Articles

Effects of long-term oral magnesium chloride replacement in congestive heart failure secondary to coronary artery disease.

Author

Bashir Y, Sneddon JF, Staunton HA

Date

15/11/1993

Journal

Am J Cardiol

Abstract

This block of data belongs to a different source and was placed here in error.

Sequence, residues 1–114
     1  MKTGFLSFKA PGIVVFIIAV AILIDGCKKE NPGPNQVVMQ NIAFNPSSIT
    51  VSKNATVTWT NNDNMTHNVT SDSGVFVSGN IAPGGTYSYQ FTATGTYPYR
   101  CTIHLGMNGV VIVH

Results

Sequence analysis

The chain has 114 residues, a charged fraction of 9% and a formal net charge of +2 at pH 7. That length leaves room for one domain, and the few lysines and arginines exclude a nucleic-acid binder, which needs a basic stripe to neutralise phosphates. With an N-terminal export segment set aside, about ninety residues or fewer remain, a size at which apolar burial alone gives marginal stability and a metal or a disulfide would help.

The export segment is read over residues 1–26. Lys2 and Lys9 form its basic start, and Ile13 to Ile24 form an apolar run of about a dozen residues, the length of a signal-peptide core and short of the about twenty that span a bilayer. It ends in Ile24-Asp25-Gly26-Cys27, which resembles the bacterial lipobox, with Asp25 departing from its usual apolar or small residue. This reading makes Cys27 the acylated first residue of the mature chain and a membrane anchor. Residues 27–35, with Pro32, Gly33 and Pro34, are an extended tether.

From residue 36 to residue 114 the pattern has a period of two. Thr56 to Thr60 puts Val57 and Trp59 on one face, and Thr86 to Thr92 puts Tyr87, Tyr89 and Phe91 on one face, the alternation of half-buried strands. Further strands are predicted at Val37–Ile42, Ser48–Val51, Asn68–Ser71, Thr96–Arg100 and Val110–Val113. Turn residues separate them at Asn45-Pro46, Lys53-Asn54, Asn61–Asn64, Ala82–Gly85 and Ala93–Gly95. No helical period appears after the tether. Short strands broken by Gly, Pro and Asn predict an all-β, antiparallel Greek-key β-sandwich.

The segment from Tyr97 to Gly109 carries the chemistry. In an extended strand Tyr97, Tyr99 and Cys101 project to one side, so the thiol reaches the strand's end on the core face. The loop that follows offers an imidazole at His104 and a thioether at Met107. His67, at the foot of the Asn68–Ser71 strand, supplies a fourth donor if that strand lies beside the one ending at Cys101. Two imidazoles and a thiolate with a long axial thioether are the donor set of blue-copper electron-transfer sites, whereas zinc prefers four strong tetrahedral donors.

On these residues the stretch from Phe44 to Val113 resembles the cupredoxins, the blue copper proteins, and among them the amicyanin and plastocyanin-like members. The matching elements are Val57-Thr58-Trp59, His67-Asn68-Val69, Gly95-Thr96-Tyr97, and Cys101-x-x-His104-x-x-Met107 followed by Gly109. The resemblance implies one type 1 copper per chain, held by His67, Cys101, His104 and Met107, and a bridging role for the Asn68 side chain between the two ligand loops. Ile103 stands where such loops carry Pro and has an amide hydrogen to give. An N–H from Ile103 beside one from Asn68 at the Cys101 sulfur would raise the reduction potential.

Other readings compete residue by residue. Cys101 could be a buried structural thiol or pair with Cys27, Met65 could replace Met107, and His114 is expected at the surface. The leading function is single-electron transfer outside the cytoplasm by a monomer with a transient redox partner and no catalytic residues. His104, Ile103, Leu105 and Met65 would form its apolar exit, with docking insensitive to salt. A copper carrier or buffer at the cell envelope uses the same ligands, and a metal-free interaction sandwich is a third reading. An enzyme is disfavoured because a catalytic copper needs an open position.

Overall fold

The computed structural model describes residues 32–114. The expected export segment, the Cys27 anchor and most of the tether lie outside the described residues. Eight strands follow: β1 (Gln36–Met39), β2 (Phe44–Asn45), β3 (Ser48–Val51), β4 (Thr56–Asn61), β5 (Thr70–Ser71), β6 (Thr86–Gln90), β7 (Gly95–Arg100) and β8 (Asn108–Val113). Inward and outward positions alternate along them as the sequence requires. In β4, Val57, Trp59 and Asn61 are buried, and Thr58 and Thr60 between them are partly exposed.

Magnesium deficiency frequently develops in patients with congestive heart failure and may increase susceptibility to lethal arrhythmias and sudden death via multiple pathophysiologic mechanisms. The effects of peroral magnesium supplementation were investigated in a randomized, double-blind, crossover trial involving 21 patients with stable congestive heart failure secondary to coronary artery disease. All were receiving long-term loop diuretics, and had normal renal function, and low or normal serum magnesium concentrations. Subjects alternately received enteric-coated magnesium chloride (15.8 mmol magnesium per day) and placebo for 6 weeks. Magnesium therapy increased serum magnesium from 0.87 +/- 0.07 to 0.92 +/- 0.05 mmol/liter (p < 0.05), serum potassium from 4.0 +/- 0.3 to 4.3 +/- 0.4 mmol/liter (p < 0.01) and urinary magnesium excretion from 2.82 +/- 0.96 to 4.74 +/- 2.38 mmol/24 hours (p = 0.001). There was no significant change in heart rate or Doppler cardiac index, but mean arterial pressure decreased from 91 +/- 10 to 87 +/- 10 mm Hg (p < 0.05) and systemic vascular resistance from 1,698 +/- 367 to 1,613 +/- 331 dynes s cm-5 (p = 0.047). The frequency of isolated ventricular premature complexes was reduced by 23% (95% confidence interval [CI] 6 to 37%; p < 0.02), couplets by 52% (95% CI 30 to 65%; p < 0.001) and nonsustained ventricular tachycardia episodes by 24% (95% CI 15 to 49%; p < 0.01). Plasma epinephrine decreased from 447 +/- 535 to 184 +/- 106 pg/ml (p = 0.02), but there was no corresponding change in plasma norepinephrine or heart rate variability.(ABSTRACT TRUNCATED AT 250 WORDS)